Divisive abortion law won't drive Tyler Perry out of Georgia. He's doubling down
Madea filmmaker opens sprawling studio lot in Georgia against backdrop of divisive abortion law
Director-producer Tyler Perry, best known for creating and portraying the tough-talking, elderly character Madea, officially opened a landmark $250-million US studio lot in Atlanta Saturday.
The sprawling 130 hectares (330 acres) formerly served as the Fort McPherson military base.
"The studio was once a Confederate Army Base," Perry said on stage at the BET Awards in June after receiving a lifetime achievement award. "Which meant that there was confederate soldiers on that base, plotting and planning on how to keep 3.9 million Negros enslaved.
"Now, that land is owned by one Negro."
The official opening took place Saturday, but the stages have already been used for major productions, including Black Panther, The Immortal Life of Henrietta Lacks and The Walking Dead.
Perry's making history
Perry, 50, who rose to prominence producing stage plays and directing films with widespread black audiences such as Good Deeds and The Family That Preys, is the first African-American to independently own one of the largest studio lots in the U.S.
It includes sets ranging from courtrooms to baseball fields, and also houses 12 soundstages.
"It will make it easier for certain types of diverse projects to see the light of day," said Darnell Hunt, UCLA's dean of social sciences, whose research interests include race, media and culture. "Having that facility, no longer do they have to rely on Hollywood and the traditionally exclusionary resources in Hollywood."
Perry has built an empire partly on the success of more than 10 Madea films, which together have grossed well over $500 million US, according to Box Office Mojo.
Often operating on the periphery of Hollywood's guarded gates before representation became a hot-button issue, Perry has been known for offering opportunities to people of colour both on and off screen, many of whom were struggling to find meaningful work despite their talent.
Perry gave a number of once-unknown black actors lead roles in his early films, including Taraji P. Henson (I Can Do Bad All By Myself), Kerry Washington (For Colored Girls) and Idris Elba (Daddy's Little Girls). They have since gone on to become some of the industry's most bankable stars.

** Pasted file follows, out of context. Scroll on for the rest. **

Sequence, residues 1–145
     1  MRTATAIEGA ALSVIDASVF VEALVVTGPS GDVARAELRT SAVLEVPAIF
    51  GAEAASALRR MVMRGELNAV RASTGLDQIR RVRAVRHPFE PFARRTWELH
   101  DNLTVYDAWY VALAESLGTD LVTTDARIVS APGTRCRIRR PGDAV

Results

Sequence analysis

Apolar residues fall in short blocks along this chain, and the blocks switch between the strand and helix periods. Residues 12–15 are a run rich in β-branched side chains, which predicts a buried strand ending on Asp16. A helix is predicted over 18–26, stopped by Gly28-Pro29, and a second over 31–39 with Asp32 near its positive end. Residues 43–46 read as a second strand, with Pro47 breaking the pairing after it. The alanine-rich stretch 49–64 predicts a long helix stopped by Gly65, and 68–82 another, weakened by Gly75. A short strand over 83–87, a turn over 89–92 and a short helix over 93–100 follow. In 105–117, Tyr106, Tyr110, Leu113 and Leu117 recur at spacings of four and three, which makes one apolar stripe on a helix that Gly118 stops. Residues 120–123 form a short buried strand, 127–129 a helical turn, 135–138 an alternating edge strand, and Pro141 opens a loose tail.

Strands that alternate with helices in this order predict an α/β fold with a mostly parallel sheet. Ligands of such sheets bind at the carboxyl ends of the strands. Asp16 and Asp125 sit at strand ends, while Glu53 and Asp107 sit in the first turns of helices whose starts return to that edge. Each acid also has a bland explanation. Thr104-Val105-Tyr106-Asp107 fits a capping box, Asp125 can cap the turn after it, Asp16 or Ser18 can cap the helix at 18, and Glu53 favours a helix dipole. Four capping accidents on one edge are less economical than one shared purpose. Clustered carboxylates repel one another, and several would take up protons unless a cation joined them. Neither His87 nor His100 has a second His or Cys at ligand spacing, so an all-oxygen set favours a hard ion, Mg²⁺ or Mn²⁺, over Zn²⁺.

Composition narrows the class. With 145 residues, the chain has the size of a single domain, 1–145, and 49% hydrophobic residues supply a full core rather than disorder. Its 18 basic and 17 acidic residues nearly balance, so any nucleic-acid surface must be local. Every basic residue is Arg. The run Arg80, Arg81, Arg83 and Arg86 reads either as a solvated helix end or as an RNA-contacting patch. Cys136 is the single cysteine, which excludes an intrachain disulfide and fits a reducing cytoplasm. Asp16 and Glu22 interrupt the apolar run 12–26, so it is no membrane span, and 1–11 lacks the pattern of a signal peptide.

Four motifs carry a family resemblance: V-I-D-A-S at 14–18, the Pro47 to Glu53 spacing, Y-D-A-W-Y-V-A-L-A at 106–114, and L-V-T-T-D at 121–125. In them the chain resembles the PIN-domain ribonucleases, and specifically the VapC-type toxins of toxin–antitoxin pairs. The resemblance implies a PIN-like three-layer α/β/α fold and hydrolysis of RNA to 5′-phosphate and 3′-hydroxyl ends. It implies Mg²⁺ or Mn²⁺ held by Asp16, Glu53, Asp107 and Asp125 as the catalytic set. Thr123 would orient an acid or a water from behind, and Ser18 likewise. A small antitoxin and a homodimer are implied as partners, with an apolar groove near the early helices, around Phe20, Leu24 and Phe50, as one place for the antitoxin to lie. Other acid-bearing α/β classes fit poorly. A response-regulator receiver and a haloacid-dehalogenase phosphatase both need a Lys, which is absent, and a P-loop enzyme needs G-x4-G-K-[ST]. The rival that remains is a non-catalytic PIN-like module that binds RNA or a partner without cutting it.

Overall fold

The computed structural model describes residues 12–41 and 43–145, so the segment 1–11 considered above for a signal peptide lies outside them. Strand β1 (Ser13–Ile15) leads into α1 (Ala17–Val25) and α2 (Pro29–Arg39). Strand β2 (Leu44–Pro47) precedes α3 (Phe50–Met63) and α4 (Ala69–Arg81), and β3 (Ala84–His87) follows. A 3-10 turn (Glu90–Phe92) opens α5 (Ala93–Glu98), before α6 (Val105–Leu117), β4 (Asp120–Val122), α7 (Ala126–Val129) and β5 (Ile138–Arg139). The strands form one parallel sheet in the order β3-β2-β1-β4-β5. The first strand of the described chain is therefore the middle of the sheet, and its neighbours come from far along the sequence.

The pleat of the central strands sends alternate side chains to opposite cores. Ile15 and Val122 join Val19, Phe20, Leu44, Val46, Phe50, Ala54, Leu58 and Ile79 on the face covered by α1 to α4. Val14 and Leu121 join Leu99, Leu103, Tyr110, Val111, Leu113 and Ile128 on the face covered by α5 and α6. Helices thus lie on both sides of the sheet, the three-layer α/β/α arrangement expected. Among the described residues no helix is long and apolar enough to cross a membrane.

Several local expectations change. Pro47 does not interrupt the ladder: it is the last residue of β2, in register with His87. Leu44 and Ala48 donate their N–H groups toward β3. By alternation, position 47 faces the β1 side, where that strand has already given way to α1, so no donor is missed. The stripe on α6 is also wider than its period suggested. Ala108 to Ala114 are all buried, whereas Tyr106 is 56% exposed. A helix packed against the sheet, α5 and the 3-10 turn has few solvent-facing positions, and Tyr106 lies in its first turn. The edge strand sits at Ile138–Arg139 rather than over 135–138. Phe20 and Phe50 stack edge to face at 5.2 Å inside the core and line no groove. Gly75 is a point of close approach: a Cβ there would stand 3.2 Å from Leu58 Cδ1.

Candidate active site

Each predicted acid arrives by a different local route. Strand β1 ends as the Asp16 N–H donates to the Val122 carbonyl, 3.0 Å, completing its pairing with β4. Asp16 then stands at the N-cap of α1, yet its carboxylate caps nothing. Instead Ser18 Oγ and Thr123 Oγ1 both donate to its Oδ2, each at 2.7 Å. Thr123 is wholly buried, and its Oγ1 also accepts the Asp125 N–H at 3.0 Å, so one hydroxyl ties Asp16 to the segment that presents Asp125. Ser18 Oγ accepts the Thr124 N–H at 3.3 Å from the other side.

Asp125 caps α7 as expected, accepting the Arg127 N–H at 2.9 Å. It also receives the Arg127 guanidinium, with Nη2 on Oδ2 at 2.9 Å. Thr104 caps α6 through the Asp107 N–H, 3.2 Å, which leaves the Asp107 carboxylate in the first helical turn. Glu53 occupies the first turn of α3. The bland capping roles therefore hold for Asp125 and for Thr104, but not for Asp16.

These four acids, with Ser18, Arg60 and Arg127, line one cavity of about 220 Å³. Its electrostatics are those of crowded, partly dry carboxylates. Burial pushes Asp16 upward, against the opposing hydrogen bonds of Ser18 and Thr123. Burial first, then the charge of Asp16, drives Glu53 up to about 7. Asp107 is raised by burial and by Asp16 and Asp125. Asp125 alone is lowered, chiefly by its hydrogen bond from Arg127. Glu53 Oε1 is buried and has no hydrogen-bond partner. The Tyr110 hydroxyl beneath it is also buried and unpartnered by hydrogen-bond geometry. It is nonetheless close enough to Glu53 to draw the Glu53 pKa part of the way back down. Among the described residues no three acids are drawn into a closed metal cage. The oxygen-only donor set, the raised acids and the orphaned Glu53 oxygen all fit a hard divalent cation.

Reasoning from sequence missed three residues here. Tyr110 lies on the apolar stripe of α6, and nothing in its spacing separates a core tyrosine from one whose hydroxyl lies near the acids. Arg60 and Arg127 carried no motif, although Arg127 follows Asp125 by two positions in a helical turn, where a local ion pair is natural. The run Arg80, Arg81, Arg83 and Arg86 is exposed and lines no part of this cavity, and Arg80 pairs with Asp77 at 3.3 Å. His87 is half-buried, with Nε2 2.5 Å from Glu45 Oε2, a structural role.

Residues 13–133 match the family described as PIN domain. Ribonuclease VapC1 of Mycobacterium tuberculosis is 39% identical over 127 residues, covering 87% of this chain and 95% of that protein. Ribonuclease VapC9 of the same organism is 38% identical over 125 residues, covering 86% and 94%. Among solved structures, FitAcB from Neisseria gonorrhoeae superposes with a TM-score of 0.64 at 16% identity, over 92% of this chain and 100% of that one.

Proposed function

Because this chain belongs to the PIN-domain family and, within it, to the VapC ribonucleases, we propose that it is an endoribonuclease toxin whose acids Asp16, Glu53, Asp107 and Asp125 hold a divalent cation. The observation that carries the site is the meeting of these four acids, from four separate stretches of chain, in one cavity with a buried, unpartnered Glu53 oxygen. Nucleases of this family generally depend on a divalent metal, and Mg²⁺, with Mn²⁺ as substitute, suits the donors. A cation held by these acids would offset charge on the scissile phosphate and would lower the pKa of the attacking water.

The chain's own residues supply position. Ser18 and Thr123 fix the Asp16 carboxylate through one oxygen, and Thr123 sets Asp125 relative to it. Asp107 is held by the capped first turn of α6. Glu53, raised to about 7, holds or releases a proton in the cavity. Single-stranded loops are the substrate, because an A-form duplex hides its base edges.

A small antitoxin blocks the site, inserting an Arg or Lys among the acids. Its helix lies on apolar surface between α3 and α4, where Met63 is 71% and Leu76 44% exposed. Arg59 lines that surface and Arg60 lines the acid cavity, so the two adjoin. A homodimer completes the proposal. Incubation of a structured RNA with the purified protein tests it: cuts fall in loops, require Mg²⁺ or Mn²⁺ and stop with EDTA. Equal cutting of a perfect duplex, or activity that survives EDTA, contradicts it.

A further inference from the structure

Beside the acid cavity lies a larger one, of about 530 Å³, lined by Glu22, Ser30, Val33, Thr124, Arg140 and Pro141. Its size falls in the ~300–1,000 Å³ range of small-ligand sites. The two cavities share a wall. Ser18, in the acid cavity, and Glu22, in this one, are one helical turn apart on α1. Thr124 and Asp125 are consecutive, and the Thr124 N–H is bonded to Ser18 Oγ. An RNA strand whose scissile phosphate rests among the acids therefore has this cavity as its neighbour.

Elba and Washington attended a ceremony last week honouring Tyler Perry with a star on the Hollywood Walk of Fame.
"Thank you for encouraging me to dream," Washington said at the Oct. 1 gathering in Los Angeles. "Thank you for helping to make my wishes come true."
Nobody is more deserving of this ⭐️ than you <a href="https://twitter.com/tylerperry?ref_src=twsrc%5Etfw">@tylerperry</a>. Thank you for shining so brightly, for guiding our paths, and for creating new constellations. 💫✨ <a href="https://t.co/BDw6mbkcw3">pic.twitter.com/BDw6mbkcw3</a>—@kerrywashington
Many more attended the Atlanta opening, including Oprah Winfrey, whose network OWN airs Perry's shows including The Paynes and The Haves and the Have Nots.
"He didn't wait for other people to validate, or to say you should go this way or that way," Winfrey told the Associated Press. "He said, 'I'm going to create my own way' and as we can see here, become a force for himself."
Halle Berry, Samuel L. Jackson, filmmaker Spike Lee, Girls Trip star Tiffany Haddish and Selma filmmaker Ava DuVernay also came to show their support.
'Can't just up and leave'
The grand opening is taking place against the backdrop of the ongoing debate over Georgia's restrictive abortion law, which bans abortions once a fetal heartbeat is detected — which can be as early as six weeks.
The law was set to take effect in January of 2020 but has been temporarily blocked by a federal judge.
The law's initial signing in May prompted some in Hollywood to call for a boycott against filming in the state, which hosts a significant number of movie and TV projects due to its generous tax credits. Netflix, Disney, AMC and other major companies said at the time they would rethink their presence in Georgia if the law took effect.
Perry told the Associated Press last month that while he is against the law, he "can't just up and leave," given his investment. He added that the votes of the tens of thousands of entertainment industry workers in Georgia have the power to impact the state governor's next election.
During his BET speech in June, Perry, who grew up in poverty and says he once lived in his car to make ends meet, explained how he hopes the studio's presence will inspire younger generations.
"When I built my studio, I built it in a neighbourhood that is one of the poorest black neighbourhoods in Atlanta so the young black kids could see that a black man did that and they can do it too."
With files from the Associated Press